Transfer stimulates dialogue between the European trade union movement and the academic and research community. It contributes research findings on issues of strategic relevance for trade unions, in particular with regard to developments at the European level. Transfer publishes original peer-reviewed research on issues such as new developments in industrial relations, social policy, and labour market developments.
Volume 9 Issue 1, Spring 2003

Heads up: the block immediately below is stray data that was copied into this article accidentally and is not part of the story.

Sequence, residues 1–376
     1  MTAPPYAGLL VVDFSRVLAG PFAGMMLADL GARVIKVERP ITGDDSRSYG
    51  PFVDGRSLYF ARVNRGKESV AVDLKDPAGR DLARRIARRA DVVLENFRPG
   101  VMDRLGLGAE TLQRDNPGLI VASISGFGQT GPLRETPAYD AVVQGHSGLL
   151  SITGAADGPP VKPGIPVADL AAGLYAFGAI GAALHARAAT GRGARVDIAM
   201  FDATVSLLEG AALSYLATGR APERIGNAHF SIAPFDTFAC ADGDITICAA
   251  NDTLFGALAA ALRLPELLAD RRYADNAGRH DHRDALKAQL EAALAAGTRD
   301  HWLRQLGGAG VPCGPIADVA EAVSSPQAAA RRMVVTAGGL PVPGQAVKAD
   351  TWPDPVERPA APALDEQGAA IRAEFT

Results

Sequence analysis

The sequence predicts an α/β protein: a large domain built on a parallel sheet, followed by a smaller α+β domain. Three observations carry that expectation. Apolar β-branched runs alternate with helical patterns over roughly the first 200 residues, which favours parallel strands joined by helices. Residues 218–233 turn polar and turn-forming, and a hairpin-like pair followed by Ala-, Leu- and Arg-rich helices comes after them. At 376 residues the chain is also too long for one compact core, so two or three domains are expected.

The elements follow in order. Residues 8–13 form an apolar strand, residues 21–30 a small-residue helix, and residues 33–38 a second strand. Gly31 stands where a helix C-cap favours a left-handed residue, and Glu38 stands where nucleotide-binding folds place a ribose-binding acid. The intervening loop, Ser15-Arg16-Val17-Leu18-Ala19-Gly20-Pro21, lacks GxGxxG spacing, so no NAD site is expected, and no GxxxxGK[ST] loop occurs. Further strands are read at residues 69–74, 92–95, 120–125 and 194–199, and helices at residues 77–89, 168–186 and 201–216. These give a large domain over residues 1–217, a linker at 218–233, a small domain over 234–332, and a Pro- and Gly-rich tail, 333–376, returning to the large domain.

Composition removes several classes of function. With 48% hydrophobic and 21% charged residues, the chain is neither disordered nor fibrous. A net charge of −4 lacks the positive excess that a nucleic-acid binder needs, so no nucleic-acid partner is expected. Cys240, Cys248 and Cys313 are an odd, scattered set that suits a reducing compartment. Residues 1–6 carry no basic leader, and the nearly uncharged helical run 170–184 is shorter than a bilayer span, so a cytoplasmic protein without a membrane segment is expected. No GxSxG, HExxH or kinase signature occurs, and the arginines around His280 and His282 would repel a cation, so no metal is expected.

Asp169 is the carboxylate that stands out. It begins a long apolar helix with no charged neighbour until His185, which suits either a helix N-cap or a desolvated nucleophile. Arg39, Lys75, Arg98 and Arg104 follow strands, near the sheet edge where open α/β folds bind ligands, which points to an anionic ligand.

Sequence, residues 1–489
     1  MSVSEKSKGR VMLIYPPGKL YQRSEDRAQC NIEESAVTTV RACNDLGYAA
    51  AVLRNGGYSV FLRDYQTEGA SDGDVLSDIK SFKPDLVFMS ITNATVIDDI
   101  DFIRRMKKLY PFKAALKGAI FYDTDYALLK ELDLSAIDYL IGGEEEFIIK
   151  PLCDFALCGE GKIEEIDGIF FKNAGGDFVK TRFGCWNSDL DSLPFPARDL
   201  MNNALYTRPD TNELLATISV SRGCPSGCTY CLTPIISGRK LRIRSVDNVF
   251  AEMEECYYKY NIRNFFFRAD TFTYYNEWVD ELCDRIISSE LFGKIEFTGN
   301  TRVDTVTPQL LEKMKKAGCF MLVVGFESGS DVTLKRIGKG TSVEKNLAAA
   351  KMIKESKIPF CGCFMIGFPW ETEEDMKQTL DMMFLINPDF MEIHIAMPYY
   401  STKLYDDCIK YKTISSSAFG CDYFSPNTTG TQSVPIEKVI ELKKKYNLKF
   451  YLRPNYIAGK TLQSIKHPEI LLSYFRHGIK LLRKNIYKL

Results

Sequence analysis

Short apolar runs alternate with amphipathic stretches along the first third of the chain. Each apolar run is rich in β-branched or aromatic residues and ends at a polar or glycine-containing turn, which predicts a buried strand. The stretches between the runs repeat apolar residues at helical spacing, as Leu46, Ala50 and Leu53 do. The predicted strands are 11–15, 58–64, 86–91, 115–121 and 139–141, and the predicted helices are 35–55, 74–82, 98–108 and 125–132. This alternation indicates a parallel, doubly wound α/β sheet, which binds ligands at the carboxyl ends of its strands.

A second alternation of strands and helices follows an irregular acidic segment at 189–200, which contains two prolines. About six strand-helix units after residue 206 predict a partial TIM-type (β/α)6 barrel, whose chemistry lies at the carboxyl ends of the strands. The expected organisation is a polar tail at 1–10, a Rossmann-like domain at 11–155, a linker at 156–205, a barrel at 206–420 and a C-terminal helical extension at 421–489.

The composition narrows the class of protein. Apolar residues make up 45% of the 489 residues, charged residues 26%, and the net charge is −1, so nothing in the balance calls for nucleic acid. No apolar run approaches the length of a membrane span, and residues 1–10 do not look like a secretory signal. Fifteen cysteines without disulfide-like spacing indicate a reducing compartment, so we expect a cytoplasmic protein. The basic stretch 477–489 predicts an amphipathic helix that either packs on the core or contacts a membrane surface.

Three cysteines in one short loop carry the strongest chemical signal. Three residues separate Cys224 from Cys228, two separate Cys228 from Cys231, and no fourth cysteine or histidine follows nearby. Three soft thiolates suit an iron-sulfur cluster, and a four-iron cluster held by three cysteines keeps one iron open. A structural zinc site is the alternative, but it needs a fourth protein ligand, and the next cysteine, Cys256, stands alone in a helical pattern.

The Copenhagen European Council summit finally gave the go-ahead to ten candidate countries to accede to the European Union in May 2004 enabling them to join prior to the European elections. On 8 March the people of the island of Malta were the first to say ‘Yes’ to EU accession. More than a decade after the fall of the Communist regimes of central and eastern Europe, the shock of economic and political transformation, and a long and arduous process of negotiation, the Maltese referendum success means that the EU has taken the first hurdle in the home straight that will lead to the unification of Europe. Few doubt that the remaining hurdles – referenda in the other acceding countries and ratification by the existing 15 Member States – will also be cleared. Whereas past attempts at European unification have resulted from the power lust of tyrants and dictators and have resulted in enormous human misery and oppression, European unification is now to be achieved as a result of the free will of peoples, based on common democratic values and against a background of domestic peace and stability.